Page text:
State Pension Credit Bill [Lords]

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Mr. McCartney: It is important to get our head around this. I shall give way later to the hon. Gentleman, who usually makes a point that is worthy of a response.

Pensioners may at any time provide the actual rate. That is important, and that answers one of the points that the hon. Member for Northavon legitimately makes. We do not have a system that is designed to simplify for the back office but gives problems for pensioners. It is designed in the opposite way—to ensure that the back office deals with the technicalities and responds to pensioners and that pensioners believe that if an assessment is wrong, they can intervene directly and have the matter resolved in their favour.

Minimum income guarantee claimants must give details of pensions that they receive now. It is better to ask at the claim point how their pension goes up than to ask every year. That is part of the process in developing a rolling programme for pension credit.

Having dealt with those who are currently in the system and moving automatically to the new system, the relationship will be different for those who come later. It will not be the old-style relationship but one from the point of their application for pension credit. The simple but effective questions that need to be answered in order to assess them for pension credit will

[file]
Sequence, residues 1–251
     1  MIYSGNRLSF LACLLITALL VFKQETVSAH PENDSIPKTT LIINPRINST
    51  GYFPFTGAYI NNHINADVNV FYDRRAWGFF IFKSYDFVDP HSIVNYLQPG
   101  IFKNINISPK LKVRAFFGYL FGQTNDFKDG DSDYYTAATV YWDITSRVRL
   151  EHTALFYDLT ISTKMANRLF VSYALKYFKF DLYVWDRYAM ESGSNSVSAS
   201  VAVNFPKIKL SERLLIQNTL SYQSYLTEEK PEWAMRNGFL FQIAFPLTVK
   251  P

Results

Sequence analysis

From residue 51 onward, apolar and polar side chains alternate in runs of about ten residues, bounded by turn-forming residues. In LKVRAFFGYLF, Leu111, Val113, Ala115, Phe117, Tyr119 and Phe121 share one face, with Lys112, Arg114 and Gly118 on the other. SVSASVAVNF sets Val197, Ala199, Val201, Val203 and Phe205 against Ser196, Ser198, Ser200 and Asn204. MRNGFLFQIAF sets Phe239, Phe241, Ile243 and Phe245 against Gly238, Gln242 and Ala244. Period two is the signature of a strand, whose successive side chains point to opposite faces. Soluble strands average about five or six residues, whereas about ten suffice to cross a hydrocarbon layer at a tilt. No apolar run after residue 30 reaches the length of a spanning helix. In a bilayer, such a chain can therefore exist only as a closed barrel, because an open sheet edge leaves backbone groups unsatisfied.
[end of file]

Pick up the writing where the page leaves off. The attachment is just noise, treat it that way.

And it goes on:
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be asked at that point, rather than year after year. It is important to make that distinction. The hon. Member for Northavon is right. If it were the old-style way of dealing with matters, it would not work. It would be bureaucratic and ineffective.

We are also allowing for non-standard ways of increasing pensions. Each year, we shall tell pensioners what figures we are using. That is, again, important. Pensioners will have a clear knowledge of the transparent relationship. Transparency is important in the relationship with pensioners. The system will be proactive on behalf of pensioners and sensitive enough to take into account changes in their income that necessitate our increasing their income. That is how we have designed the relationship.

From 2003, the assumed rate of return on capital will be £1 for every £500 above £6,000. We intend that that will be reviewed annually as part of the normal uprating process, as hon. Members will understand.

Mr. Brazier: Perhaps the Minister will deal with a particular example. If the amendments are not agreed to, how will the system deal with the case of a pensioner, one of whose sources of income is an occupational pension from a pension fund that has discretion? To add a further dimension, let us suppose that the discretion of the trustees for many years has been to index in line with inflation, but that the pension fund is now experiencing financial difficulties, and it looks as though for the next two or three years they may not be able to afford to do that. How would such a case be treated under the rules?